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Forgotten Falklands sailor finally honoured after 33 year battle by Armed Forces heroes

A SAILOR who died when HMS Sheffield was hit by a missile in the Falklands War is finally being honoured after a 33 year battle - thanks to a worldwide petition of disgusted Armed Forces' heroes.

Royal Navy cook David 'Ozzie' Osborne, 22, perished on the Type-42 Guided Missile Destroyer when it was hit by an Argentinean Exocet on May 4, 1982.

For years relatives begged to have his name on the Old Colwyn War Memorial, in North Wales, but officials refused arguing he wasn't Welsh - despite being born and raised there.

Crazily, memorial trustees insisted as he moved to Portsmouth, in Hants, when he was 10 his name should be inscribed there instead.

Recently a furious online petition was launched with 3,188 British Army, Navy and Air Force veterans from as far as Australia, South Africa and the US blasting the ridiculous red-tape ban.

Today trustees finally relented and declared they are now "only too pleased" to add his name, thanks to the outcry by the Royal Navy Type 42 Destroyers Association.

Kevin Hackett, an association spokesman, said: "We have been informed that cook David E Osborne's name will indeed now be added to the war memorial after 33 years.

"We are obviously very happy for Joyce Osborne - David's mother - and the rest of the family that this is going to happen."

David, who had two older brothers and had two sisters, joined the Royal Navy on February 17, 1976.

David's uncle Ronald Chapman, 77, has fought to get his nephew added to Old Colwyn War Memorial since 2003 but David's mother Joyce has been fighting for it since her son's tragic death.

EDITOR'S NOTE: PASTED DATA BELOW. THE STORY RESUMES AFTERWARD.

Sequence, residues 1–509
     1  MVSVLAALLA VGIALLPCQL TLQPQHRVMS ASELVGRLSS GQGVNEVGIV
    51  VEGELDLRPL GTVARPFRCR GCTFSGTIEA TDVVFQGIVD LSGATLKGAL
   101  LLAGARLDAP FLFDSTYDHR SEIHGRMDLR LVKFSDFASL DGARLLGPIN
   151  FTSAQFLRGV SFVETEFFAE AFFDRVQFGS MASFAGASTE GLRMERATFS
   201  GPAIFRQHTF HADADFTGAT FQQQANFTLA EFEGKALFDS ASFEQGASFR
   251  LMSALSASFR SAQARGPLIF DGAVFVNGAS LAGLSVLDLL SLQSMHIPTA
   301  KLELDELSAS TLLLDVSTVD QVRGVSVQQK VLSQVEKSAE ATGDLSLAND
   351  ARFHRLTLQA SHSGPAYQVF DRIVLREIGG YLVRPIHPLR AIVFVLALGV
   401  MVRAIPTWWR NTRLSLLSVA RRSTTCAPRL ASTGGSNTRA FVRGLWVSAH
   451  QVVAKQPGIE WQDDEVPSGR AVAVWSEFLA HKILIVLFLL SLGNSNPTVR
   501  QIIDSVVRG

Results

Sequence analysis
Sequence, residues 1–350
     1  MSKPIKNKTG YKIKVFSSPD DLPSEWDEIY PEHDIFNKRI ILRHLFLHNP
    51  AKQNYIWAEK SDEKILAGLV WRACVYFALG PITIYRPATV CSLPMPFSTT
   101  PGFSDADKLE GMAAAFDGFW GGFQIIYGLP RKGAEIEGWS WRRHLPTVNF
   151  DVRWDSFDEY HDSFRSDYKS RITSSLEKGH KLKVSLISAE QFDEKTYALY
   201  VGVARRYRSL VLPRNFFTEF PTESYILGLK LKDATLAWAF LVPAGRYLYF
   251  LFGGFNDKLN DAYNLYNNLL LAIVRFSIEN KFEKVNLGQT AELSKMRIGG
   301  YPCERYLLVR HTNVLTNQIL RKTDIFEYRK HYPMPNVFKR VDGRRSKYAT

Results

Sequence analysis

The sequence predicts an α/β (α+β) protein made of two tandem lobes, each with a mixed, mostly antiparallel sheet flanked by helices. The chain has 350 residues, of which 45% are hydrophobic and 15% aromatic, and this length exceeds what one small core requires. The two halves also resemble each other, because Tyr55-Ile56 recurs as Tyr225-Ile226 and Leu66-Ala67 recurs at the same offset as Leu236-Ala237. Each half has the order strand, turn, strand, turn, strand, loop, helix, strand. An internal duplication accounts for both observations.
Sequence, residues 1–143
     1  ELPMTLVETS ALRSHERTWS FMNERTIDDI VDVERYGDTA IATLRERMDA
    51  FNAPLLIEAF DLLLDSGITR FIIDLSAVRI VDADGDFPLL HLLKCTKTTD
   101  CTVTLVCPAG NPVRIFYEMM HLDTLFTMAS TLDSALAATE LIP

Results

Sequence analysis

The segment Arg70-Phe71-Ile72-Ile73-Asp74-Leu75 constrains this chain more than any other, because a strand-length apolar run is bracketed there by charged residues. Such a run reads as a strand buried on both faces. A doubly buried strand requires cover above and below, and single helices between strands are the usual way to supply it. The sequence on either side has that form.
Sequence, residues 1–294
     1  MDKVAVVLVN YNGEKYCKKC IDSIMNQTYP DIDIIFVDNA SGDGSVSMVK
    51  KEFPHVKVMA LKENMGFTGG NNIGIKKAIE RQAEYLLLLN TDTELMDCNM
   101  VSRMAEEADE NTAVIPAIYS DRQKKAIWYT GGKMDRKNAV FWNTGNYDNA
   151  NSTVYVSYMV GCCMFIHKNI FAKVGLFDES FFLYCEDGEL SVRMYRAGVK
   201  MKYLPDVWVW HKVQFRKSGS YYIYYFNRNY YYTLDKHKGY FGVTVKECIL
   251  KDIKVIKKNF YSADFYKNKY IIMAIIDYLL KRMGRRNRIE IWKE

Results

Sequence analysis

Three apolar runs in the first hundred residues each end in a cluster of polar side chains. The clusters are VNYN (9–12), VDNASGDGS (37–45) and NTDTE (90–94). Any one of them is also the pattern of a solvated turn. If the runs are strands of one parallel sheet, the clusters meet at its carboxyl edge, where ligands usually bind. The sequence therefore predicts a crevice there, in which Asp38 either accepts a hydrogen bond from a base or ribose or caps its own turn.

So far David's name is only listed on two South Atlantic Medal Association memorials - one in the Falklands Islands and the other at the National Arboretum, in Staffs.

His name on this memorial acknowledges his sacrifice and reminds future generations of this

Disgusted Wayne Miles

The stubborn Old Colwyn Memorial Trust (OCMT) refused to inscribe his name on their memorial by claiming although he was born in their town - he grew up from the age of 10 in Portsmouth.

They said his name must be on the Portsmouth navy memorial - but when veterans confirmed his name was not on that either, the OCMT finally relented.

The online petition by the North West and North Wales Division Royal Navy Type 42 Destroyer Association received thousands of signatures.

Disgusted Wayne Miles, of Emsworth, Hants, wrote: "He gave his life for the freedom of others. His name on this memorial acknowledges his sacrifice and reminds future generations of this."

Furious schoolmate Bernard Campbell, of Liverpool, said: "I could not believe my old friend who gave his life for his country has been treated this way.

"This has to be sorted out ASAP as I believe his dear mother is seriously ill; hasn't she suffered enough with the loss of her son?"

Angry Rob Jones, of Wanaka, New Zealand, wrote: "As a former Royal Marine I believe it is only right we commemorate those who have made the ultimate sacrifice for our country and our way of life."

Baffled David Edwards, of Neath, South Wales, said: "He was proud of where he came from. Surely where he came from should be proud of him?"

William Tunnicliffe, of Argostoli, in Greece, said: "David was a son of Colwyn Bay and should be honoured in his birthplace."

David's uncle Mr Chapman said: "I'm an ex-army serviceman myself and I always think that regardless of when it happened, everyone should be remembered on a memorial."

His mother Joyce Osborne, 81 - who now resides in an Old Colwyn care home, said she was very grateful to all who supported the family in getting his name now included.

She said: "All of my children and my husband were born in Old Colwyn - we're an Old Colwyn family.

"I'd love to see his name on the memorial where he was born."

HMS Sheffield (D80) was launched on June 1971 and was part of the Task Force sent by Margaret Thatcher to the Falkland Islands during the conflict.

But she was struck by an Exocet cruise missile fired by the Argentine Navy on 4 May 1982.

The ship finally sank on 10 May, becoming the first British Navy vessel lost since the Second World War.


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